Nickell is the point person for the school's Graduate Student Organizing Committee (GSOC), which reportedly became the nation’s first officially certified labor union for graduate students in 2000 after partnering with the United Auto Workers. Nickell says the union was created in order to increase the salaries and benefits offered to working NYU graduate students—students who, typically as teaching associates and research assistants, provide the university with a cheap yet indispensable labor force.
"Master's tuition, for example, generates NYU a huge amount of money," Nickell said. "We know that NYU made $399 million of revenue over expenses last year, so we think they can probably afford the cost of defraying the tuition of master's students just a little bit."
But such claims oversimplify the realities of higher-education economics, said John Beckman, an NYU spokesman. The $399 million number, according to Beckman, is misleading because it is not spendable income and therefore cannot be redirected to tuition remission for master's students.
Revenue specifics aside, however, it's clear that university-employed graduate students typically account for a small slice of the schools' total spending. While the salary of a full-time professor at a top U.S. college tends to be upwards of $150,000 a year, graduate workers typically receive little more than a stipend and, depending on the situation, tuition relief. Students in general aren't recognized as official employees by the National Labor Relations Board, so universities aren't obligated to follow standard labor laws when it comes to determining the students' compensation.
Now, by creating a formal union, protesting, and entering into talks with the school, NYU’s graduate workers recently became the first such group in the nation to be recognized by their university as official employees. This has allowed them to bargain for higher wages, better healthcare and childcare coverage, and other benefits enjoyed by typical working Americans.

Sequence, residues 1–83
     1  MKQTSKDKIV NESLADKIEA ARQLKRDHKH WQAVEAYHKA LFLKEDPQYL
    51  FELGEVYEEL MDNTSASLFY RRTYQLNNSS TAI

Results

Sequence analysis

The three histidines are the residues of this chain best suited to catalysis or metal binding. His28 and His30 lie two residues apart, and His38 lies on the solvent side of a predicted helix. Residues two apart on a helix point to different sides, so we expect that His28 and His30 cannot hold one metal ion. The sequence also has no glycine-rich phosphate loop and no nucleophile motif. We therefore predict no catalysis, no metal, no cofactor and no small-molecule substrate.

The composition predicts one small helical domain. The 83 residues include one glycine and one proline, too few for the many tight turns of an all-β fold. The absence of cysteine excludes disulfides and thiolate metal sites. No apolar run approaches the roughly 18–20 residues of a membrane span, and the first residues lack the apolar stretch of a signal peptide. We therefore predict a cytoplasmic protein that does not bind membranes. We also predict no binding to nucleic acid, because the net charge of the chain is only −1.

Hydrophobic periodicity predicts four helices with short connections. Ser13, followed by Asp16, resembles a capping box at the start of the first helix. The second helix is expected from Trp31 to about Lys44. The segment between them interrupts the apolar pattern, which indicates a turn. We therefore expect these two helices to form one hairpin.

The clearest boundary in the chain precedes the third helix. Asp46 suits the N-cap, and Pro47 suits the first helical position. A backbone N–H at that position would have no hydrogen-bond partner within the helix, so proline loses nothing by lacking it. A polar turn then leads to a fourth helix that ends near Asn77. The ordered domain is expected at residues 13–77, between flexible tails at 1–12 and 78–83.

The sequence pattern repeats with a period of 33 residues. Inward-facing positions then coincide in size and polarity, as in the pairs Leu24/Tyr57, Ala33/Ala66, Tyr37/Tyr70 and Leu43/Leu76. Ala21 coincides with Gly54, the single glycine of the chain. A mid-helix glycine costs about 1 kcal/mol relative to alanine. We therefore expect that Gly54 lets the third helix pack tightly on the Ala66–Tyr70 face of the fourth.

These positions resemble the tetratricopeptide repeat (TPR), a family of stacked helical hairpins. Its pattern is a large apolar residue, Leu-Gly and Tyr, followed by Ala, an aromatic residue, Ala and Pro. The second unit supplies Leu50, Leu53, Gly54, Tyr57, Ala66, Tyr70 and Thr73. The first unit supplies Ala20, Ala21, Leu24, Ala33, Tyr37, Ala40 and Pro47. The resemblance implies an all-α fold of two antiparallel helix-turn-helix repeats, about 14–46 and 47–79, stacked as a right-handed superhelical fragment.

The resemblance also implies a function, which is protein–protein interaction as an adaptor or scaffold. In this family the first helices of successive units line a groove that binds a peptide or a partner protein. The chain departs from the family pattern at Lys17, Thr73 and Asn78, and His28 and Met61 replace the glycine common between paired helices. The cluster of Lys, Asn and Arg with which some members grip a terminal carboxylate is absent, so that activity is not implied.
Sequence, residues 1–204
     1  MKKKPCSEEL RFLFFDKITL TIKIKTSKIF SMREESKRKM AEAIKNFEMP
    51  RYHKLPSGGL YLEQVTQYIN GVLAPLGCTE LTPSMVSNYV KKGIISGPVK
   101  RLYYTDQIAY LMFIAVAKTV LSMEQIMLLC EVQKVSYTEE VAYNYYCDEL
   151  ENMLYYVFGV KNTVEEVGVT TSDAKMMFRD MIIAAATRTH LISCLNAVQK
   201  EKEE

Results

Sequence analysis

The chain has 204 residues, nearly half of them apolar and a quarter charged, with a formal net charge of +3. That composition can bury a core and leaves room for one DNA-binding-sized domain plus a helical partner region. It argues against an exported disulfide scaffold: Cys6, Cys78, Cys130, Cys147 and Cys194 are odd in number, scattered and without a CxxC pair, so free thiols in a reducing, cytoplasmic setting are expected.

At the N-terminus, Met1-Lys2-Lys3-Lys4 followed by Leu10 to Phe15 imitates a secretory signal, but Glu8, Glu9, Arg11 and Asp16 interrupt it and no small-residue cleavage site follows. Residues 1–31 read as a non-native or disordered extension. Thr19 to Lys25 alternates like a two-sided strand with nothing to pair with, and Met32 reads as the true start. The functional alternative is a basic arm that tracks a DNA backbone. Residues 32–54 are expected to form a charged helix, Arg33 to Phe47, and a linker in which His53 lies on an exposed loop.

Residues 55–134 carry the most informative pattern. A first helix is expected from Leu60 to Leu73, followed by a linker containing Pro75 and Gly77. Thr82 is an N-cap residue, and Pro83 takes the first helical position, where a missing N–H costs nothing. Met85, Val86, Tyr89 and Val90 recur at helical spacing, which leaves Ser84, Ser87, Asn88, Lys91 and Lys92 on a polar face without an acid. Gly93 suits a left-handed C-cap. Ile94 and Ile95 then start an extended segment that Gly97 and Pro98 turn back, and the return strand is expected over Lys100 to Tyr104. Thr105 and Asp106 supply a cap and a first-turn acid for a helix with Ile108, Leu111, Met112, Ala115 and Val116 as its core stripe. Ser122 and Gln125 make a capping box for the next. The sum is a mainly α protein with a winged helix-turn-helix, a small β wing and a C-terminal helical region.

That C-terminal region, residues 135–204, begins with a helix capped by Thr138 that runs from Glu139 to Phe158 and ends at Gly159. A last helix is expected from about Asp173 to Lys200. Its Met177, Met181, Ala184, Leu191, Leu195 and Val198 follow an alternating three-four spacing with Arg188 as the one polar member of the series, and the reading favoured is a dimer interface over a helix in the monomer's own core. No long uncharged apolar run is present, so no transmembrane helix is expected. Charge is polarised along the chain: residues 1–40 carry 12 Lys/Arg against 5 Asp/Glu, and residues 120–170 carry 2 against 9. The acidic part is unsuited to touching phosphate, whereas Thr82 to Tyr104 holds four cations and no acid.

"At private schools like NYU there’s a lot of inertia against defining graduate students as workers," Nickell said. If schools define their graduate TAs as workers, he reasoned, it gives the students a better chance of getting recognition by the National Labor Relations Board.
This inertia is part of the reason it took GSOC almost a decade to negotiate a new contract with NYU after its first one expired in 2005. After years of strikes, protests, and mediation, the group agreed to a deal with the university last month, according to the union's website. While the final agreement boosted both the salary and benefits of graduate student workers at NYU, arguably one of the greatest legacies of that long-drawn-out negotiations process is that it has sparked similar unionization movements at other schools. The public negotiations at NYU—which saw strikes, protests, and a large public-relations campaign—have spurred graduate students at Columbia, the New School, the University of Chicago, Yale, Cornell, the University of Albany, and, most recently, Harvard to begin their own efforts to organize. There are currently 31 officially recognized graduate-student unions in the U.S. and 18 more that are in the process of gaining recognition, according to the Coalition of Graduate Employee Unions.